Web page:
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How Indonesia’s EdenFarm runs at near 0% food waste

Published on July 29, 2022


Food wastage is a major challenge faced by Indonesia’s B2B food supply chain. This is so much the case that the amount of food lost and wasted in the country per year between 2000 and 2019 could have fed up to 47% of the population. 

Further, studies have found that food wastage contributes to more than 7% of greenhouse gas emissions every year in the country. According to Indonesia’s National Development Planning Agency (2021), the economic hit of this annual waste is somewhere between US$14.3 billion and US$37.1 billion per year.

To help address this gap, Indonesia’s premier B2B food supply chain startup EdenFarm is enabling small share farmers (often micro-entrepreneurs in the agriculture industry) and buyers alike to operate at almost zero food waste. 

The startup runs a unique marketplace that helps Indonesian farmers sell directly to restaurants, shops, and grocery outlets of all shapes and sizes in the archipelago. 

On a recent episode of Indonesia Digital Deconstructed by AC Ventures, EdenFarm founder David Gunawan discussed with the investment firm’s founder and managing partner Adrian Li how the startup is helping stakeholders across the country achieve near zero food waste, thereby reducing the sector’s carbon footprint at large. 

Understanding the pain points of farmers

Before launching EdenFarm, David and his co-founders were actually farmers themselves, and this is why they understand the pain points of farmers so intimately. 

“For me and my co-founders, being in the farming industry, which is arguably one of the most traditional sectors in Indonesia, expedited our product-market fit research process. Back then, we did everything – from producing to processing, as well as selling, invoicing, mingling with other farmers, and speaking with industry stakeholders. This gave us a lot of clarity on understanding the minute details, like what kind of person would be the best to sell products to a certain demographic and so on,” shared David.

In fact, it was during their farming days that David and his co-founders realized there was a huge gap in the B2B food supply chain. This is how EdenFarm’s unique business model was born.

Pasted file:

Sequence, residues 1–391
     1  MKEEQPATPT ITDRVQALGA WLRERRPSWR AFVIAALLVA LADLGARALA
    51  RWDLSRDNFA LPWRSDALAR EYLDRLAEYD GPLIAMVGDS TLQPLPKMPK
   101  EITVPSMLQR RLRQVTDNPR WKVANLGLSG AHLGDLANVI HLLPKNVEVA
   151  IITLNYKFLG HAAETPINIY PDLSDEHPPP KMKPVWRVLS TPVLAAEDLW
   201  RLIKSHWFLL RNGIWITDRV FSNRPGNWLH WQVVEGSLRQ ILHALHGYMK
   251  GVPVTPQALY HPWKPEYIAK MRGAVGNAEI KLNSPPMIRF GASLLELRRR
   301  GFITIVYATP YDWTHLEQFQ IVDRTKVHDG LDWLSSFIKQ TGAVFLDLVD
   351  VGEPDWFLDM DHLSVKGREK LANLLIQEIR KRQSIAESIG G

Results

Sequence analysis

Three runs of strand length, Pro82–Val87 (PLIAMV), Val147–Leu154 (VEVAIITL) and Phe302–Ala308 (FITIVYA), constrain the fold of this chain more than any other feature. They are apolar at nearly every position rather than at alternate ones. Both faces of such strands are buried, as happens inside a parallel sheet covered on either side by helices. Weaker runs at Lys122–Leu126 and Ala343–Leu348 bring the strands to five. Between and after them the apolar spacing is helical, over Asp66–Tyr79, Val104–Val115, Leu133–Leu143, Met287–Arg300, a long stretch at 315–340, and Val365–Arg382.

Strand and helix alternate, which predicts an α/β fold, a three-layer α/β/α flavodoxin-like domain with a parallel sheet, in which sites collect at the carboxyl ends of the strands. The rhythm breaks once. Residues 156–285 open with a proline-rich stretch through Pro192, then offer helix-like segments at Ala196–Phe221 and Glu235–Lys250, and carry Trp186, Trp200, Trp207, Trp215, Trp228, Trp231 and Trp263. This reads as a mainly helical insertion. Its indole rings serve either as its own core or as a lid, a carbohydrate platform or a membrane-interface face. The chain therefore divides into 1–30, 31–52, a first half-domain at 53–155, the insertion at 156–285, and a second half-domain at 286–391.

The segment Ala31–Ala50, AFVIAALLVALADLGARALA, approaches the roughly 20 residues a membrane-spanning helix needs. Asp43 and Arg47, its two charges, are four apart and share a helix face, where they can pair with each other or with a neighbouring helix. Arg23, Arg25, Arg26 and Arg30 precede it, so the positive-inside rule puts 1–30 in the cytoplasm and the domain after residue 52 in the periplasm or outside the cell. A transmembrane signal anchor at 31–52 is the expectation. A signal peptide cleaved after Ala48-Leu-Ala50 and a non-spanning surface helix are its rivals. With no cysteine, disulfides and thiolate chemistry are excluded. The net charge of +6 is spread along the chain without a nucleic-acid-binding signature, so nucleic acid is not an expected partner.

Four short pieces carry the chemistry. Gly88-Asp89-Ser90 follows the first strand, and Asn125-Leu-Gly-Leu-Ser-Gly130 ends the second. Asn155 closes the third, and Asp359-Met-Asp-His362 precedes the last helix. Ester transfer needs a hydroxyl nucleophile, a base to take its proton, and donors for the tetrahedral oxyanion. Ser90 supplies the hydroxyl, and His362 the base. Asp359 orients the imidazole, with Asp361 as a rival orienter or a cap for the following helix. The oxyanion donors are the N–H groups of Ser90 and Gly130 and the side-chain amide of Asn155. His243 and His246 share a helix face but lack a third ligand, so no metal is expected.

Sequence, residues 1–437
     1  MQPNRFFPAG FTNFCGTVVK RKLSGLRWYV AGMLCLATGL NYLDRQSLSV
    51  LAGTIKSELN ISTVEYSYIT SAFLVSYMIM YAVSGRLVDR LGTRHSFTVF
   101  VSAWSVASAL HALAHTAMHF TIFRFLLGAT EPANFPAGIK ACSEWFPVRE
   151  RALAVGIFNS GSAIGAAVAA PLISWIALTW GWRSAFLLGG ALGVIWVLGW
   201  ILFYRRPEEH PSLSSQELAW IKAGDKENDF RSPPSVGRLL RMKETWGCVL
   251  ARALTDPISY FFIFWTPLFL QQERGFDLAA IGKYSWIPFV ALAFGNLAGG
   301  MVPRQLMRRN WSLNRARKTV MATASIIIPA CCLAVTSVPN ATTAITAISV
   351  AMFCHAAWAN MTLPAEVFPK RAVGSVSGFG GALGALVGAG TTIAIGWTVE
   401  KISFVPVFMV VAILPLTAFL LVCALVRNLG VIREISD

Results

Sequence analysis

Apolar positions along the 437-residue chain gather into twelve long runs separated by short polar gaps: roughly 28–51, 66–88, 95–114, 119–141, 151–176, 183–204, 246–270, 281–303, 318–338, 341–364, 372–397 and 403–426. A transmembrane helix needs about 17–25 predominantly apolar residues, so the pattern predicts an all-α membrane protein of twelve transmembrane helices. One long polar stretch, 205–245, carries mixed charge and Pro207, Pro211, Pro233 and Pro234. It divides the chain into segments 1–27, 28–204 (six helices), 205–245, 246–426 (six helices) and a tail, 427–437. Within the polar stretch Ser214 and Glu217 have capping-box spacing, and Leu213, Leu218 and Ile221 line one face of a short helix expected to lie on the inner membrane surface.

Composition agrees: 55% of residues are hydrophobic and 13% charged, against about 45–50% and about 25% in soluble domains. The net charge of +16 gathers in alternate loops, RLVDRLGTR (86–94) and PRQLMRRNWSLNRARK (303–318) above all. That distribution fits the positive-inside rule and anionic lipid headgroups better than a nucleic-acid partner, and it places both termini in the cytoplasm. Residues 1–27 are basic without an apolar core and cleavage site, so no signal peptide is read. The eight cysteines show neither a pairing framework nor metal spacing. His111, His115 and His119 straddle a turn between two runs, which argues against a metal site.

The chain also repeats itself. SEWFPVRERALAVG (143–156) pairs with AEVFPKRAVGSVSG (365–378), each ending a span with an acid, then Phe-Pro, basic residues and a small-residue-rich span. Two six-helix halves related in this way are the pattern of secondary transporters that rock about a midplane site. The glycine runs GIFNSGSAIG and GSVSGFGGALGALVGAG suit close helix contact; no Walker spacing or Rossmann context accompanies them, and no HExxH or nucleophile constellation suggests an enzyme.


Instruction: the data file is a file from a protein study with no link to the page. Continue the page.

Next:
One of the most fundamental challenges that David and his team faced early on was that not every farmer in Indonesia has primary education. Some could not read, while others could not do basic math. 

As such, it would have been extraordinarily difficult to teach them to scale a company or do business more efficiently.

“Whatever they produce, they are able to sell 30% to 50% of it to the middlemen and the rest of it goes to waste. This can be due to multiple reasons – either the quality of their yield is not up to par or maybe they are simply unable to find any buyers for whatever they are planting,” explained David. 

EdenFarm brings real solutions

EdenFarm has been building an integrated food distribution network since 2017 and succeeded in simplifying the supply chain to increase margins by reducing prices and cutting out intermediaries. It then used tech to provide accurate demand forecasts for farmers and also helped them achieve production predictability. This demand forecast, combined with a highly diversified buyer-side, is what helps EdenFarm’s ecosystem operate on near zero waste. 

David shared, “We create consistent demand for farmers and micro-entrepreneurs in the farming industry, provided that they agree to follow our precise forecasts and instructions. They happily oblige because, with EdenFarm, they don’t have to go through the hassle of finding buyers. Another major upside is that we are able to avoid food wastage and reduce negative environmental impacts.”

With this model, David hopes to make food accessible to more people. He added, “If this model is adopted on a global level, we might be able to help address the issue of world hunger.”

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